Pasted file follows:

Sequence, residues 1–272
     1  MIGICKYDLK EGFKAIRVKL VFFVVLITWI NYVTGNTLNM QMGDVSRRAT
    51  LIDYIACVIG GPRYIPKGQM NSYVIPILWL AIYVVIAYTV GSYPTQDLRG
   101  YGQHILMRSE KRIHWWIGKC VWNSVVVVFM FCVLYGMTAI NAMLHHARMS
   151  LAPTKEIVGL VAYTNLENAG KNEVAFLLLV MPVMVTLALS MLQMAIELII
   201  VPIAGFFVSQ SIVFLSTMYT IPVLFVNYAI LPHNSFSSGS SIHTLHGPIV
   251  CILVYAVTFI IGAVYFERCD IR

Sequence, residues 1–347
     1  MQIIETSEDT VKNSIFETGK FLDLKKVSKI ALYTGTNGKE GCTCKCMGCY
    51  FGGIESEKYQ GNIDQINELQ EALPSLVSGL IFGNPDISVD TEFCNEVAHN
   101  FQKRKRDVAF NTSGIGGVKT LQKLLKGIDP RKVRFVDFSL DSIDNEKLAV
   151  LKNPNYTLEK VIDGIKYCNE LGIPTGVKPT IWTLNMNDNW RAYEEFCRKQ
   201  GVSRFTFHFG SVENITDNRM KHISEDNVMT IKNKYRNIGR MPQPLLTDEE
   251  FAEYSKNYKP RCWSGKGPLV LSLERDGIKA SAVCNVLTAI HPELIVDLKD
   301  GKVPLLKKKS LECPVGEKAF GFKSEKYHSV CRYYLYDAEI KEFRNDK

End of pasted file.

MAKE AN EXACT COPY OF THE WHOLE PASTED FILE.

Sequence, residues 1–272
     1  MIGICKYDLK EGFKAIRVKL VFFVVLITWI NYVTGNTLNM QMGDVSRRAT
    51  LIDYIACVIG GPRYIPKGQM NSYVIPILWL AIYVVIAYTV GSYPTQDLRG
   101  YGQHILMRSE KRIHWWIGKC VWNSVVVVFM FCVLYGMTAI NAMLHHARMS
   151  LAPTKEIVGL VAYTNLENAG KNEVAFLLLV MPVMVTLALS MLQMAIELII
   201  VPIAGFFVSQ SIVFLSTMYT IPVLFVNYAI LPHNSFSSGS SIHTLHGPIV
   251  CILVYAVTFI IGAVYFERCD IR

Sequence, residues 1–347
     1  MQIIETSEDT VKNSIFETGK FLDLKKVSKI ALYTGTNGKE GCTCKCMGCY
    51  FGGIESEKYQ GNIDQINELQ EALPSLVSGL IFGNPDISVD TEFCNEVAHN
   101  FQKRKRDVAF NTSGIGGVKT LQKLLKGIDP RKVRFVDFSL DSIDNEKLAV
   151  LKNPNYTLEK VIDGIKYCNE LGIPTGVKPT IWTLNMNDNW RAYEEFCRKQ
   201  GVSRFTFHFG SVENITDNRM KHISEDNVMT IKNKYRNIGR MPQPLLTDEE
   251  FAEYSKNYKP RCWSGKGPLV LSLERDGIKA SAVCNVLTAI HPELIVDLKD
   301  GKVPLLKKKS LECPVGEKAF GFKSEKYHSV CRYYLYDAEI KEFRNDK